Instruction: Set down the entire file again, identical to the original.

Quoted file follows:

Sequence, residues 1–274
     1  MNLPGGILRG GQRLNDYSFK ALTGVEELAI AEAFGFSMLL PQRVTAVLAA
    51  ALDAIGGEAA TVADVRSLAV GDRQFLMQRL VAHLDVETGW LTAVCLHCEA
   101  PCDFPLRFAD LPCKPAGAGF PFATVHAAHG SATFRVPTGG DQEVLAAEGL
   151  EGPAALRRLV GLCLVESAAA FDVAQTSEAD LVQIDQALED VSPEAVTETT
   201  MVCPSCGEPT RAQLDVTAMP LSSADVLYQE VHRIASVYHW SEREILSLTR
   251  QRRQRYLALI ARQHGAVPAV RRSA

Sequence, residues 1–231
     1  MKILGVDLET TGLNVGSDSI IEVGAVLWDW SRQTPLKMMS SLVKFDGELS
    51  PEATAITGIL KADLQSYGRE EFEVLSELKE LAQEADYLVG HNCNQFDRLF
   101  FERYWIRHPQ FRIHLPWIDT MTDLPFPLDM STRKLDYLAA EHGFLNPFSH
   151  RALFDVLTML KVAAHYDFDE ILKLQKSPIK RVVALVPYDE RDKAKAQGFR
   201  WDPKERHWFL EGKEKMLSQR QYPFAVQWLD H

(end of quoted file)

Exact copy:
Sequence, residues 1–274
     1  MNLPGGILRG GQRLNDYSFK ALTGVEELAI AEAFGFSMLL PQRVTAVLAA
    51  ALDAIGGEAA TVADVRSLAV GDRQFLMQRL VAHLDVETGW LTAVCLHCEA
   101  PCDFPLRFAD LPCKPAGAGF PFATVHAAHG SATFRVPTGG DQEVLAAEGL
   151  EGPAALRRLV GLCLVESAAA FDVAQTSEAD LVQIDQALED VSPEAVTETT
   201  MVCPSCGEPT RAQLDVTAMP LSSADVLYQE VHRIASVYHW SEREILSLTR
   251  QRRQRYLALI ARQHGAVPAV RRSA

Sequence, residues 1–231
     1  MKILGVDLET TGLNVGSDSI IEVGAVLWDW SRQTPLKMMS SLVKFDGELS
    51  PEATAITGIL KADLQSYGRE EFEVLSELKE LAQEADYLVG HNCNQFDRLF
   101  FERYWIRHPQ FRIHLPWIDT MTDLPFPLDM STRKLDYLAA EHGFLNPFSH
   151  RALFDVLTML KVAAHYDFDE ILKLQKSPIK RVVALVPYDE RDKAKAQGFR
   201  WDPKERHWFL EGKEKMLSQR QYPFAVQWLD H